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Part coach, part floor boss, part cheerleader, Capt. Greg Dubrule patrols the perimeter of the upper deck of the Black Hawk, looking down on roughly 65 anglers standing shoulder to shoulder as they bounce 16-ounce sinkers and fresh clam baits along the bottom.

From his elevated position on the 75-foot head boat, Dubrule cajoles, instructs, encourages and sends the occasional good-natured zinger to the bait dunkers below as they swing porgies and black sea bass over the rail and an occasional summer flounder into the net. Here’s a sampling of advice the good captain dispensed on one drift:

You can't catch them like that, buddy. You neet bait.

“You can’t catch them like that, buddy. You need bait.”

And …

“There you go. You got him. I felt that up here.”

And …

“Be a catcher, not a rod holder.”

And …

“Set the hook and wind, boys. Don’t just jerk it. You have to be on that reel instantly. We’re here to catch them. Catch ’em up, boys. Catch ’em up. Set the hook and wind.”

“Got one, Cap,” says a middle-aged fisherman on the starboard bow as he cranks up a porgy. “Now I can go home to my wife.”

“Good,” Dubrule replies. “Now get 30 more.”

Hero or bum

Welcome to another day at the office with Capt. Dubrule, his black Lab Flounder and the six mates sailing aboard the 8-year-old Black Hawk, which steams daily out of Niantic, Connecticut. Today the twin 750-hp Detroit Diesels rumble to life around 6:58 a.m.; 11 minutes and two short blasts from the boat’s horn later, we’re leaving the dock for the 24-mile run to Montauk, New York, where the bottom fishing has been very good. It’s a longer run than he’s had to make in previous years, but with the local grounds being slow, Dubrule steams to where the fishing is best.


A veteran charter skipper with 47 years on southern New England waters, Dubrule is all too familiar with the daily challenge of running a head boat. “We have to make fishermen out of tourists, and we only have a couple of hours to do it,” says Dubrule, 65, who for years ran the popular charter boat Seaweed Too. “But we’ll get there.”

And the skipper knows well the yardstick by which his customers will measure him at the end of the day. “We’re judged on your ability,” says Dubrule, who has done everything from lobstering to offshore fishing. “If you catch, I’m a hero. If you don’t, I’m a bum.”

But Dubrule has always had a knack for catching, be it giant bluefin tuna, striped bass or the lowly porgy. “I’ve always said the fishing part of it is easy. The hard part,” he adds, “is putting people on the boat.”


Head-boat fishing is a quintessential American experience in which people with widely varying piscatorial skills and backgrounds fish side by side, everyone intent on bringing home for dinner a fresh fish they’ve caught themselves.

The Black Hawk is a bustling melting pot: young and old; male and female; black, white, Hispanic, Asian; families and those fishing alone; novices and sharpies, guys who fish 40 days or more a year on the boat and catch like crazy. They come from New York City and Philadelphia, Virginia and North Carolina, from across New England and just up the road. It’s fun, egalitarian and affordable — $75 a person and another $7 if you rent a rod and reel.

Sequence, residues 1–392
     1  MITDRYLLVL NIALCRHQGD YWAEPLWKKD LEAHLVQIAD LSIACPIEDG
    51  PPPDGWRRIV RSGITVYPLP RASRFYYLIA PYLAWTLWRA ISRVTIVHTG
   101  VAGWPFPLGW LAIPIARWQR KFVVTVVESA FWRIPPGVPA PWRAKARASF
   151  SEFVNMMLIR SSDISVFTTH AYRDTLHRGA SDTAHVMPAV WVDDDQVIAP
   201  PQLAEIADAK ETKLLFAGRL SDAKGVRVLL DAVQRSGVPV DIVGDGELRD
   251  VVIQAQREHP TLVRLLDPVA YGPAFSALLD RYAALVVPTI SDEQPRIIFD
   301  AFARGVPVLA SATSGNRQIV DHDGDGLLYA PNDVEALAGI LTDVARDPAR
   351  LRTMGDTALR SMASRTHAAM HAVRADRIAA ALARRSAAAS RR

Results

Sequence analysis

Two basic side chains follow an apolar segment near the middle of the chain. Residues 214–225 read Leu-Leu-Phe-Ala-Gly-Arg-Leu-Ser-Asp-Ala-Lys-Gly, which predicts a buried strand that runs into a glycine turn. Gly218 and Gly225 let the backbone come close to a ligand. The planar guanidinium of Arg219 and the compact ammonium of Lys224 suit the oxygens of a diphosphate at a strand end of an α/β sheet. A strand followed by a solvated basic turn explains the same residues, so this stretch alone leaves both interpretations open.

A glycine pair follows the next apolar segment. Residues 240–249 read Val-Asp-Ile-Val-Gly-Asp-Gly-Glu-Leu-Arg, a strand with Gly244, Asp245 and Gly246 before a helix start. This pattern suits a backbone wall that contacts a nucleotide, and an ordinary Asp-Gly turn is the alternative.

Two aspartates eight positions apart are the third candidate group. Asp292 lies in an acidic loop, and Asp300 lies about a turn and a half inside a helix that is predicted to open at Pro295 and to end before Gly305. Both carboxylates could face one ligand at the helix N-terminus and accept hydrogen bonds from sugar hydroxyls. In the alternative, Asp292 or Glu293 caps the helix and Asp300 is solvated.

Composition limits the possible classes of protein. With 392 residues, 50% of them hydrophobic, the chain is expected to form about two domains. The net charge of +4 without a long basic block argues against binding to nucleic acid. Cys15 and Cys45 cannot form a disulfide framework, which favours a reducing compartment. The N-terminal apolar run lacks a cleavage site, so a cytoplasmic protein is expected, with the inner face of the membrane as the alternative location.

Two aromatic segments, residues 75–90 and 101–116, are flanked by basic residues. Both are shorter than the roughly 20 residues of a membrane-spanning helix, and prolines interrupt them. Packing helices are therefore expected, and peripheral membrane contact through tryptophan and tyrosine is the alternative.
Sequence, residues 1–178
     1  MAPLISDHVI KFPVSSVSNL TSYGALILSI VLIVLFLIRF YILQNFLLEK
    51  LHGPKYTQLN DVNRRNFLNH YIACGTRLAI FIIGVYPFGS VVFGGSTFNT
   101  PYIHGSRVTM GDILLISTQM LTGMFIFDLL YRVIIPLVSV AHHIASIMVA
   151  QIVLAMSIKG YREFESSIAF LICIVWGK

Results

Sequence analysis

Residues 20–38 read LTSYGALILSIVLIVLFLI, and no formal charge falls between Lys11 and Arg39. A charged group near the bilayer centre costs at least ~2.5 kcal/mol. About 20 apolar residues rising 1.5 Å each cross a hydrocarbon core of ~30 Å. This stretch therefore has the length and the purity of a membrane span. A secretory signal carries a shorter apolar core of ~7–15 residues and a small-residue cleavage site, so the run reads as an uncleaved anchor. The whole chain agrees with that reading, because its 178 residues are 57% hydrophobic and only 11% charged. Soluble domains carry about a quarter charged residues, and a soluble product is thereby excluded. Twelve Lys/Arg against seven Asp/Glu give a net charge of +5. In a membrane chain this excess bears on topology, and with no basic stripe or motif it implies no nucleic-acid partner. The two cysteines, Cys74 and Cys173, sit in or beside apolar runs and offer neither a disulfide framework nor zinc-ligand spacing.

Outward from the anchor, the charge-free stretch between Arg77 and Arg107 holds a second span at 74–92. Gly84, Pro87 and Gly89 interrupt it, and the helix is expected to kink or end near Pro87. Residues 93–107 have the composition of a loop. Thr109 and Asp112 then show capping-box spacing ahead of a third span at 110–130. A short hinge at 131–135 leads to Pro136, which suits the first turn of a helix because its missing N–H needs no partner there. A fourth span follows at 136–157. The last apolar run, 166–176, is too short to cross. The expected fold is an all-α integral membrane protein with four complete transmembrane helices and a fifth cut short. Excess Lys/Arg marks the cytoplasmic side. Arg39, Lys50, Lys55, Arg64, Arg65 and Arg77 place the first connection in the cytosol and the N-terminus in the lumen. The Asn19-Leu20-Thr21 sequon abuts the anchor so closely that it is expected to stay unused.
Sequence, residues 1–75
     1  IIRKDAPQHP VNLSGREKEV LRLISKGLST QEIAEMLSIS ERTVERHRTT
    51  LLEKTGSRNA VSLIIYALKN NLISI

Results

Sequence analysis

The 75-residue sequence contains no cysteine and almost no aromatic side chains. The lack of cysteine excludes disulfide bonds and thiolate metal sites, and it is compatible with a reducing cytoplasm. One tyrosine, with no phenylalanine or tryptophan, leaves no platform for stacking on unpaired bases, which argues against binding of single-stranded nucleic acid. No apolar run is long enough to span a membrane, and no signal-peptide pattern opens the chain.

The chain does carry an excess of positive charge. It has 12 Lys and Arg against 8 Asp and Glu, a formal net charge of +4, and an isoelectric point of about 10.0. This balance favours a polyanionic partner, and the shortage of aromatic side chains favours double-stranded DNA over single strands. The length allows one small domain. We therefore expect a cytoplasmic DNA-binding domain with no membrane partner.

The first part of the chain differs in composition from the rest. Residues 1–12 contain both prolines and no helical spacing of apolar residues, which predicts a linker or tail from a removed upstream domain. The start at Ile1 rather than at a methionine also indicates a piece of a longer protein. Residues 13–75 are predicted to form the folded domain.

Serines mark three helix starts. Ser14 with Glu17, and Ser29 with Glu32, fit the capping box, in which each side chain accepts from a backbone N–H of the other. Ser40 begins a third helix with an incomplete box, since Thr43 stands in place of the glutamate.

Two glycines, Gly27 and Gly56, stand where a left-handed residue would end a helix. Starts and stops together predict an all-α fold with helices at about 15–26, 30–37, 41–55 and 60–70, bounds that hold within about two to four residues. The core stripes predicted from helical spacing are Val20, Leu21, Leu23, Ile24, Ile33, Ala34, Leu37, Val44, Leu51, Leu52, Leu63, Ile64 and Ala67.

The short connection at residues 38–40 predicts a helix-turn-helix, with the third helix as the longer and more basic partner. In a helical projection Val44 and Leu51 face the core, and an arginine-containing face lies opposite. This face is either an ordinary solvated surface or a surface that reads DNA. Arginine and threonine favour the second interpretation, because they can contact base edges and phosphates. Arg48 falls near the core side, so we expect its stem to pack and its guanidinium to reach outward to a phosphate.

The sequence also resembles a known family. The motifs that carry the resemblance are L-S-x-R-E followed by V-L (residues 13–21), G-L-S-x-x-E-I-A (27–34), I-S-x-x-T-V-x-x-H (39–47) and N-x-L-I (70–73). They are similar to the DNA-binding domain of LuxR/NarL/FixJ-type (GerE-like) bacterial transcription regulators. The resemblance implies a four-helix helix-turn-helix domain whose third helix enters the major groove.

The action on this warm and sunny day in late July is fast and at times chaotic, with lots of fish, the usual tangles, and rod tips, hooks and sinkers going this way and that. To document a lively day on a head boat, we turned photographer Sam Dole loose with four Polaroid cameras and about 25 packets of instant film supplied by the German company Impossible, which makes instant film and refurbishes Polaroid cameras (

“The goal was to capture the timeless quality of this type of fishing,” says Dole, 25, who lives in New York City. “Polaroid film is a great way of documenting memories and relating to memories. It creates a universal experience and an excitement from having the actual physical picture created right on the spot.”

Dubrule sets the tone on the Black Hawk: fun, kid-friendly, buttoned up in the shippy manner that you want to see on a boat carrying 60-plus people. The pilothouse is open to anyone with a question for the captain or who just wants to look around. “You have to be a showman,” Dubrule says. “The days of not talking to the customers are gone. You have a much more intelligent fisherman today, more informed.”


Dubrule and his crew work hard to ensure their paying passengers catch their fair share and have a good time. “I have the best mates in the business,” says Dubrule, adding that he aims for a 10-to-1 ratio of anglers to mates. “The personalization is what makes us different”

En route to Montauk, Fred Bednarcyzk and his two children, 6 and 8, duck into the wheelhouse to say hello to the captain. “The mates are amazing,” says Bednarcyzk, a Connecticut paramedic. “They treat the kids great. Everyone is treated as family. My kids talk about it all winter long until spring.”

Caught one!

The deckhands are patient, and they move quickly around the busy boat, netting fish, clearing lines, answering questions, sorting out snafus. “We really do have a good operation,” says the captain. “We’re family-run. We put our best foot forward all the time. It shows in what we catch and how much we catch.”
“He does what it takes to catch fish,” says Bruce Witik, 62, of Harwinton, Connecticut, an experienced angler who fishes regularly on the Black Hawk. “And he’ll stay out if he has to. I’ve been out on days when we’re supposed to be in at 3 and we’ll be out until 5.”

Michael Morgan, another regular, agrees. “Hands down, this boat is the best,” says Morgan, of Stamford, Connecticut, who fishes maybe 40 times a season with Dubrule. “The customer-service experience is superior. They make an effort, even with people who can’t fish. There’s no coincidence that this boat is consistently full. They take care of their customers.”

Punch from the past

Opinionated, outspoken and competitive, Dubrule is anything but a wallflower. “Corporate America, I am not,” he says. Neither is he an aging dinosaur pining for the good old days, although one incident from the past is worth mentioning.